New guidance set by the National Institute for Health and Care Excellence (NICE) advises NHS hospitals to ban smoking on their property. It has also been recommended that hospitals have an on-site stop-smoking service and that staff discourage patients to smoke.
Though it is individual NHS trusts who will have the final say, NICE wants both staff and people using NHS services to refrain from smoking on hospital grounds. Trusts should not have a designated smoking area and no staff-supervised or staff facilitated smoking breaks for those using secondary care services.
Professor Mike Kelly, the director of the Centre for Public Health Excellence at NICE says the new guidance should be seen as a culture shift rather than the creation of a penal culture:
“It’s clearly absurd that the most lethal set of toxins to the human body are being passively encouraged in hospitals. We’ve known since the 1950s that smoking kills you and 61 years have passed and we’re now tackling the problem in hospitals. That’s too long.”
Prof Kelly goes on to explain that smoking is the most important health issue currently facing the NHS with almost 800,000 deaths each year caused by smoking.
Figures released by NICE shows that people with mental health problems are more likely to smoke. It is estimated that one in five people in the general population smoke; this figure rises to one in three people with mental health conditions.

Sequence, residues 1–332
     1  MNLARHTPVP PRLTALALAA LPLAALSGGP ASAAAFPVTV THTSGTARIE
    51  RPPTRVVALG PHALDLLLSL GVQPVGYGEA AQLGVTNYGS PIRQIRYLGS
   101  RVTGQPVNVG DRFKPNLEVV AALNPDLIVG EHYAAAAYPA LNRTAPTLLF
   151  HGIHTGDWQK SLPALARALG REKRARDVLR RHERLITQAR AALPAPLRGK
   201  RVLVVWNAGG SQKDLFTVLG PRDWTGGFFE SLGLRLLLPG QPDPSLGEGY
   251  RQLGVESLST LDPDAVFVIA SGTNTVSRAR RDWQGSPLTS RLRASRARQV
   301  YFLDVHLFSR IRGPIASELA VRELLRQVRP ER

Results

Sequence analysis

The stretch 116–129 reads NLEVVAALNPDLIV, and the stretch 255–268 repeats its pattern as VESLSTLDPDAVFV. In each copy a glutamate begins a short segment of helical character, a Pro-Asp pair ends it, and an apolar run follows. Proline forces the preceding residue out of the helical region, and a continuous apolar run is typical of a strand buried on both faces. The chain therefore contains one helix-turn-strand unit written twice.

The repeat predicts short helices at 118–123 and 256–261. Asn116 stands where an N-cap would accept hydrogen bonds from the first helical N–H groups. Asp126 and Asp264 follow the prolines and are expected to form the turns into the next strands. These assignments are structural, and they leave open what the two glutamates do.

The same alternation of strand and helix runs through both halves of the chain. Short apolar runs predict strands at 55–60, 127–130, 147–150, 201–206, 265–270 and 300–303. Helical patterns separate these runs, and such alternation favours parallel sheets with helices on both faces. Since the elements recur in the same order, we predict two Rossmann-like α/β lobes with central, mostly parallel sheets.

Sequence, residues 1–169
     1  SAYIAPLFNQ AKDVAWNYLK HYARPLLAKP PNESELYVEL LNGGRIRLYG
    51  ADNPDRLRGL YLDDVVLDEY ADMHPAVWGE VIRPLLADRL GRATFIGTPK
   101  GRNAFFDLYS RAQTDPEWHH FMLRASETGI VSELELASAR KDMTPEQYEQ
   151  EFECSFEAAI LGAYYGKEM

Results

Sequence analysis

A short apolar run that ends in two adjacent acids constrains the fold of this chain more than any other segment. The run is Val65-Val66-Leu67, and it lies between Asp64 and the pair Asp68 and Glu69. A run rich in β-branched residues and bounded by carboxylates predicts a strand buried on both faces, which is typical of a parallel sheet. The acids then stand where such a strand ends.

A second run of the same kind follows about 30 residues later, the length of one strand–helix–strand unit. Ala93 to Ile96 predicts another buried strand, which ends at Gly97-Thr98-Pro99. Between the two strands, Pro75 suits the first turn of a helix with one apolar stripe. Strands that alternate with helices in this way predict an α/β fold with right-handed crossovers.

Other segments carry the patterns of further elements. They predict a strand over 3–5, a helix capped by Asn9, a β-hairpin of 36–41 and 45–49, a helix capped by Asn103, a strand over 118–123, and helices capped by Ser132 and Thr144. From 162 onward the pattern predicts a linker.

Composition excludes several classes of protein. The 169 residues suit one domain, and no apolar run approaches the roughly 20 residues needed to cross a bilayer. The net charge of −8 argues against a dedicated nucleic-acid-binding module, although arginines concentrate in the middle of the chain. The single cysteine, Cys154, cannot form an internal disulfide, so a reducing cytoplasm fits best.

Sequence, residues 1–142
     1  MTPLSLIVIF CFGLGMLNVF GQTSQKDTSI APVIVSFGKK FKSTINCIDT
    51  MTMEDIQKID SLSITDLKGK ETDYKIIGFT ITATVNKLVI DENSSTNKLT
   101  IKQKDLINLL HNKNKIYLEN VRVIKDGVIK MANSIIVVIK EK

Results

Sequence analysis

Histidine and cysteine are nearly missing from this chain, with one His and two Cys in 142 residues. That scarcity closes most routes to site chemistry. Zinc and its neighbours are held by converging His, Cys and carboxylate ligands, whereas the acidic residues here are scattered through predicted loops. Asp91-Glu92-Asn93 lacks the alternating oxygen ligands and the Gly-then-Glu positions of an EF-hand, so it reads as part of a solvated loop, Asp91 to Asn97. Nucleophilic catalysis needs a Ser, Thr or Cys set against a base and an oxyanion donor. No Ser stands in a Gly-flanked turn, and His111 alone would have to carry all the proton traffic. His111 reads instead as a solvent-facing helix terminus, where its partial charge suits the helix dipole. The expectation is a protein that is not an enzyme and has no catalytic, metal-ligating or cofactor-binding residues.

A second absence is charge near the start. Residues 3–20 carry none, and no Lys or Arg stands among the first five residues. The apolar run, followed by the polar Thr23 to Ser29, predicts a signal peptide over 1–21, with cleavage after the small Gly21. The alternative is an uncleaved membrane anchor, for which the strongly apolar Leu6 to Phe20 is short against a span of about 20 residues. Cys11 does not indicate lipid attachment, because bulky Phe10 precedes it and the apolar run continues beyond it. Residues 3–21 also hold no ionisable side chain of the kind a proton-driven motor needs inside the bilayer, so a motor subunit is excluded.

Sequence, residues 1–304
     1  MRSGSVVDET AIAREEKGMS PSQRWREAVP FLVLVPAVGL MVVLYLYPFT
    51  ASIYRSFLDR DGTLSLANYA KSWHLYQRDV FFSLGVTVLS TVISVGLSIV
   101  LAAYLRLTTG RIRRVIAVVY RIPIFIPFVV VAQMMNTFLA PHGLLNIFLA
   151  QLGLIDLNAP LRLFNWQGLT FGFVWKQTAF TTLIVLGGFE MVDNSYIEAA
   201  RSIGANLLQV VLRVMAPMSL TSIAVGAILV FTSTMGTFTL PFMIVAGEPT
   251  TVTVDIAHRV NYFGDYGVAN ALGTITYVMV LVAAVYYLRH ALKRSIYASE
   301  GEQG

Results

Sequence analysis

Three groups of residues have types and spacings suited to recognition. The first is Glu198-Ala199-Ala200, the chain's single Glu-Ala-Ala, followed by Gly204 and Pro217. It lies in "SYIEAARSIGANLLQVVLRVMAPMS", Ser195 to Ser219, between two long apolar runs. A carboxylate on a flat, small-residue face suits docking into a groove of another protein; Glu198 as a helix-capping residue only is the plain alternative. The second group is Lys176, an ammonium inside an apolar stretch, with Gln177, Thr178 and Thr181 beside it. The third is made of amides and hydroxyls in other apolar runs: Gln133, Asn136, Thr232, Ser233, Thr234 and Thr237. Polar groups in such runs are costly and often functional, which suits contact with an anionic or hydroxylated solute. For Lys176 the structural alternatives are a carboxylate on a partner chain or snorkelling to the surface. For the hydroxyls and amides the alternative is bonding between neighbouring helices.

Professor Sue Bailey, president of the Royal College of Psychiatrists says there is a common (albeit mistaken) belief among some mental health professionals that it is OK for patients in their care to smoke. This is incorrect however, and patients with mental health issues are even more likely to die earlier.
Smokers lobbying against the guidance say banning patients from smoking is both ‘heartless’ and ‘inhumane’. They say that many smokers in hospital are not there because of a smoking-related condition and simply want to relieve stress.
If you think you would find it difficult not to smoke during a hospital stay, it may be worth seeking further help to quit. To find out how hypnotherapy could help, please see our quit smoking page.
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